* Yield curve steepens as superlong tenor underperforms
* Month-end extension buying supports prices late in session
By Lisa Twaronite
TOKYO, Nov 30 (Reuters) - Benchmark Japanese government bonds recovered in late trading on Friday, with benchmark yields hitting a fresh 9-1/2-year low on month-end buying even as the superlong tenor continued to underperform.
The current 10-year cash JGB yield shed half a basis point to 0.705 percent, down from a session high of 0.720 percent, and reaching its lowest level since June 2003, according to Reuters data.
"Dealers are setting up for the 30-year auction. It looks like in the 10-year sector, inventory is light, so dealers are setting up for the 10-year auction shorting the long end of the curve," said Tadashi Matsukawa, head of Japan fixed income at Pinebridge Investments in Tokyo.
The Ministry of Finance will offer 2.3 trillion yen of 10-year bonds on Tuesday and 700 billion yen of 30-year bonds on Thursday.
"The market is starting to form a top, but it looks like extension buying will come in," Matsukawa added.
Pension funds often buy longer-dated bonds to extend their portfolio's duration to match the index.
The benchmark 10-year JGB futures price closed up 0.03 point at its Friday high of 144.86, just one tick short of its Thursday high of 144.87, a peak since June 2003. Futures ended morning trade down 0.08 point at 144.75.
Japanese equities advanced on Friday, with the Nikkei share average rising 0.5 percent to a seven-month closing high. Stronger stocks initially sapped the appeal of bonds, with JGBs down for most of the session.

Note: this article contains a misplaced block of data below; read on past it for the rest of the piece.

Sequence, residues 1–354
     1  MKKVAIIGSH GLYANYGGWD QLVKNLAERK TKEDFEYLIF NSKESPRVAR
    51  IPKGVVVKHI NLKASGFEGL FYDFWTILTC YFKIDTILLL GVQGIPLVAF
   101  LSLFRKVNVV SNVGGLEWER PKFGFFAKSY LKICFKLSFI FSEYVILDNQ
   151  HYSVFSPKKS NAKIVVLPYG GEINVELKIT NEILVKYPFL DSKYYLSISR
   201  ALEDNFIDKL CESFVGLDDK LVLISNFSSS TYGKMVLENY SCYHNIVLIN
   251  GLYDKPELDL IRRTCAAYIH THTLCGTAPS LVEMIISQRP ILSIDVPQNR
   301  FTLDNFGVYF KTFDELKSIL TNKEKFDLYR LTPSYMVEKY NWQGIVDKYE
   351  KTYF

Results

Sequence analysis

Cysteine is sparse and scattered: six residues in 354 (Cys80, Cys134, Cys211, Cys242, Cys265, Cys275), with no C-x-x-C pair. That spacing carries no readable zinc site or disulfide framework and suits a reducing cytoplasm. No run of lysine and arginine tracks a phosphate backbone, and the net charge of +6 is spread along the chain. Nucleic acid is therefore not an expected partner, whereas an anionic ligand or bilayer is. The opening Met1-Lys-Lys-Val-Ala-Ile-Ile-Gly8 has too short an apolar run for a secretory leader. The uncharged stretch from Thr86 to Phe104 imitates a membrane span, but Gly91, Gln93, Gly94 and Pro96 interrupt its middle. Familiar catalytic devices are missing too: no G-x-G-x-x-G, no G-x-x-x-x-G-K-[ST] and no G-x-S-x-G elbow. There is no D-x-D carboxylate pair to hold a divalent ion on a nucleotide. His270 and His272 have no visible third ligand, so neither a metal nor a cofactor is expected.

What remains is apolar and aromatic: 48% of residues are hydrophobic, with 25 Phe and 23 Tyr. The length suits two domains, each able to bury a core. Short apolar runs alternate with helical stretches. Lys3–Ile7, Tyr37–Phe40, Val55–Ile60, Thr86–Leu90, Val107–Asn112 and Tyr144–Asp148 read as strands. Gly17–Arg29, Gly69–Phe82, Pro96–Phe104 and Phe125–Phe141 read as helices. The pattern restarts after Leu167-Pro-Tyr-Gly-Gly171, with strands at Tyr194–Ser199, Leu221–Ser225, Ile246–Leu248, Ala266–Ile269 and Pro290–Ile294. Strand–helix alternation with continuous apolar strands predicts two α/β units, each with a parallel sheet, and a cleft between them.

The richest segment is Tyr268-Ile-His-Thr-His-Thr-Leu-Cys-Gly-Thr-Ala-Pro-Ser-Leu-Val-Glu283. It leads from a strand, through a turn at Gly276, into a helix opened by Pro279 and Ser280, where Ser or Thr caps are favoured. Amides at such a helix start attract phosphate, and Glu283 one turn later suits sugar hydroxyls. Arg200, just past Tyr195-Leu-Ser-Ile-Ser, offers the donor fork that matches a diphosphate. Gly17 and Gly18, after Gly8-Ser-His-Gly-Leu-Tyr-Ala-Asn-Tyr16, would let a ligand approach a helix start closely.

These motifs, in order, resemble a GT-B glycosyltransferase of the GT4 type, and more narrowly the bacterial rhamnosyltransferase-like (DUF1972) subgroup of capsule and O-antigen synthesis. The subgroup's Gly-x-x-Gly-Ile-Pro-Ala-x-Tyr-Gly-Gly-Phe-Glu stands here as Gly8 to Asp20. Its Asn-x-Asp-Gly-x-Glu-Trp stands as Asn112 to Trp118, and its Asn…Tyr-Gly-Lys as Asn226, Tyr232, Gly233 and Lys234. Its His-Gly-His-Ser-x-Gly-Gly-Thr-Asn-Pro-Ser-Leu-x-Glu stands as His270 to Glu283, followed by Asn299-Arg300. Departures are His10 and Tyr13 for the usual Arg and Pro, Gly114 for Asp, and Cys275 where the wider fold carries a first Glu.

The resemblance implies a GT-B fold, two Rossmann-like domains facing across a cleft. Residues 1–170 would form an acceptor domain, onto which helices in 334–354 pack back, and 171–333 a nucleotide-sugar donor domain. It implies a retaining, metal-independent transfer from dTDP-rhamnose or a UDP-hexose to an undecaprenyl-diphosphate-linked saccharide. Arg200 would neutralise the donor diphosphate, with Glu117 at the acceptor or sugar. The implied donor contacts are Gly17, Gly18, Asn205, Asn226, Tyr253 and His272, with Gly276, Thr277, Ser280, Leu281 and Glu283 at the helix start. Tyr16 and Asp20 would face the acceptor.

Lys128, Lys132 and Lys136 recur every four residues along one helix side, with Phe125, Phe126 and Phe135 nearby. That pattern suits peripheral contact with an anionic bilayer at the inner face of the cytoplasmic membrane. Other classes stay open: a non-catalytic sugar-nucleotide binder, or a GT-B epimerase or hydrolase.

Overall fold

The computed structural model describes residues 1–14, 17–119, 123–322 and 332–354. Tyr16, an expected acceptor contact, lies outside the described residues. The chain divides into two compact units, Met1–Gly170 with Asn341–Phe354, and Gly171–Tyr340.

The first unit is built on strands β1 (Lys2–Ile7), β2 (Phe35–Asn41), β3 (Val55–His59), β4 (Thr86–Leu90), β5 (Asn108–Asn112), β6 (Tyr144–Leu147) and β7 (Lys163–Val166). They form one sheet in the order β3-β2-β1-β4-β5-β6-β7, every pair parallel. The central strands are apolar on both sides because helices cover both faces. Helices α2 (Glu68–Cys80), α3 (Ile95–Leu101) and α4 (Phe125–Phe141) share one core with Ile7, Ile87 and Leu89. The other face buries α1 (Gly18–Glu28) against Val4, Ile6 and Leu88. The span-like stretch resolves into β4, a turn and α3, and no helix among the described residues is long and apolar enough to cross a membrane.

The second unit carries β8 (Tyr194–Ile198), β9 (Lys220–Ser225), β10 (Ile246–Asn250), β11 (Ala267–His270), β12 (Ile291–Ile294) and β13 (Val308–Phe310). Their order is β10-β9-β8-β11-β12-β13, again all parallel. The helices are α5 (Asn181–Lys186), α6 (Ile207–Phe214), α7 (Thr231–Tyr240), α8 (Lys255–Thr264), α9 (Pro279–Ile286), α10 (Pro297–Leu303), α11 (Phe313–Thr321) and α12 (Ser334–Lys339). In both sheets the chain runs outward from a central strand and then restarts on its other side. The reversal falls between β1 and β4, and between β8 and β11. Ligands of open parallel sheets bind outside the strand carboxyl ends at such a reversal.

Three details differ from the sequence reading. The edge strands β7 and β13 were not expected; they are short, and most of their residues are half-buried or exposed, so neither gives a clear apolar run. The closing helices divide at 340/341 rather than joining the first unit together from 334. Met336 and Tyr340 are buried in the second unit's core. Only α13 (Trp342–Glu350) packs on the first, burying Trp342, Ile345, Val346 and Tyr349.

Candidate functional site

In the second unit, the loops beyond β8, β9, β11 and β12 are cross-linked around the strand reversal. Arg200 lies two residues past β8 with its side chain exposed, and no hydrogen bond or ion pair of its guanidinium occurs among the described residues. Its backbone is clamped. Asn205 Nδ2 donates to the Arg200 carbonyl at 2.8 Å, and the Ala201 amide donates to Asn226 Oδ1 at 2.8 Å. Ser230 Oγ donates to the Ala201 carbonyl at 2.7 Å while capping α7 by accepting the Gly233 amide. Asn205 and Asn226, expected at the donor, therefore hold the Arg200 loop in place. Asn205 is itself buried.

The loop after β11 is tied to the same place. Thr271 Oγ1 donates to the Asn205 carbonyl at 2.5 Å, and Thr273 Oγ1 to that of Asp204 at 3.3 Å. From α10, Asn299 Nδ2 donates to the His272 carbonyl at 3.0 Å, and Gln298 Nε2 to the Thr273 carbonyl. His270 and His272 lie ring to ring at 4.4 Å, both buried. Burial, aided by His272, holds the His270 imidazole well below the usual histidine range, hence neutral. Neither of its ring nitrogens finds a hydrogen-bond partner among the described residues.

The yield curve steepened, with yields on 20-year bonds and 30-year bonds both rising 1 basis point to 1.675 percent and 1.940 percent respectively.
Yields on 5-year bonds also hit a their lowest level since June 2003 late in the session, dropping half a basis point to 0.165 percent.
Even as benchmark yields fell to record lows, superlong maturities have underperformed in recent weeks and the yield curve has steepened on political concerns. Investors expect more pressure on the Bank of Japan to take aggressive easing steps after an election on Dec. 16 that will likely result in a new government.
Members of the BOJ's elite monetary affairs department have been drawing up plans for a bolder set of policy options since late last year, people with knowledge of those discussions say, as the bank mulls a "big bang" approach to fighting deflation.
Japan opposition leader Shinzo Abe, seen as the front runner to become prime minister, said in a joint debate of party leaders on Friday that he would leave it to the central bank to decide on specific ways to achieve its policy objectives.
Market reaction was muted to a surprise jump in Japan's industrial output in October, though the news added to the JGB market's weak tone in the morning.
Core consumer prices were flat in October compared with a year earlier. The November index for Tokyo, available a month before the nationwide data, showed a drop of 0.5 percent.